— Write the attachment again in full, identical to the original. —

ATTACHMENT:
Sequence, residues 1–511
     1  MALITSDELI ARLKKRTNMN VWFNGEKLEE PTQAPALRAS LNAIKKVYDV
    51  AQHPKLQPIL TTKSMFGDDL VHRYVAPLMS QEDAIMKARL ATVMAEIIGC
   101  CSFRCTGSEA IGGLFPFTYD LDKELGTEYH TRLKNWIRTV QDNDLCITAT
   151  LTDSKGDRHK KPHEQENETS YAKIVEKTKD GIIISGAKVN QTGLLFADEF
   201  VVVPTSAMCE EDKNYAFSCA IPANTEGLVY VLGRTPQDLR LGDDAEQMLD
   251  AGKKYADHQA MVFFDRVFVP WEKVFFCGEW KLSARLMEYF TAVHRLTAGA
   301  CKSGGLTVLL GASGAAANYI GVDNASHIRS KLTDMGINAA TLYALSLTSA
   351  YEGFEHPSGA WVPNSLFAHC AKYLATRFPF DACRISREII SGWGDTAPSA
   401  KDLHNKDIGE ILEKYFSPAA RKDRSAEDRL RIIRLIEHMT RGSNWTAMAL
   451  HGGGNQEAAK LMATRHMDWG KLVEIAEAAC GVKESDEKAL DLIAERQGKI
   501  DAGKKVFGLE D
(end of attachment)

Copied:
Sequence, residues 1–511
     1  MALITSDELI ARLKKRTNMN VWFNGEKLEE PTQAPALRAS LNAIKKVYDV
    51  AQHPKLQPIL TTKSMFGDDL VHRYVAPLMS QEDAIMKARL ATVMAEIIGC
   101  CSFRCTGSEA IGGLFPFTYD LDKELGTEYH TRLKNWIRTV QDNDLCITAT
   151  LTDSKGDRHK KPHEQENETS YAKIVEKTKD GIIISGAKVN QTGLLFADEF
   201  VVVPTSAMCE EDKNYAFSCA IPANTEGLVY VLGRTPQDLR LGDDAEQMLD
   251  AGKKYADHQA MVFFDRVFVP WEKVFFCGEW KLSARLMEYF TAVHRLTAGA
   301  CKSGGLTVLL GASGAAANYI GVDNASHIRS KLTDMGINAA TLYALSLTSA
   351  YEGFEHPSGA WVPNSLFAHC AKYLATRFPF DACRISREII SGWGDTAPSA
   401  KDLHNKDIGE ILEKYFSPAA RKDRSAEDRL RIIRLIEHMT RGSNWTAMAL
   451  HGGGNQEAAK LMATRHMDWG KLVEIAEAAC GVKESDEKAL DLIAERQGKI
   501  DAGKKVFGLE D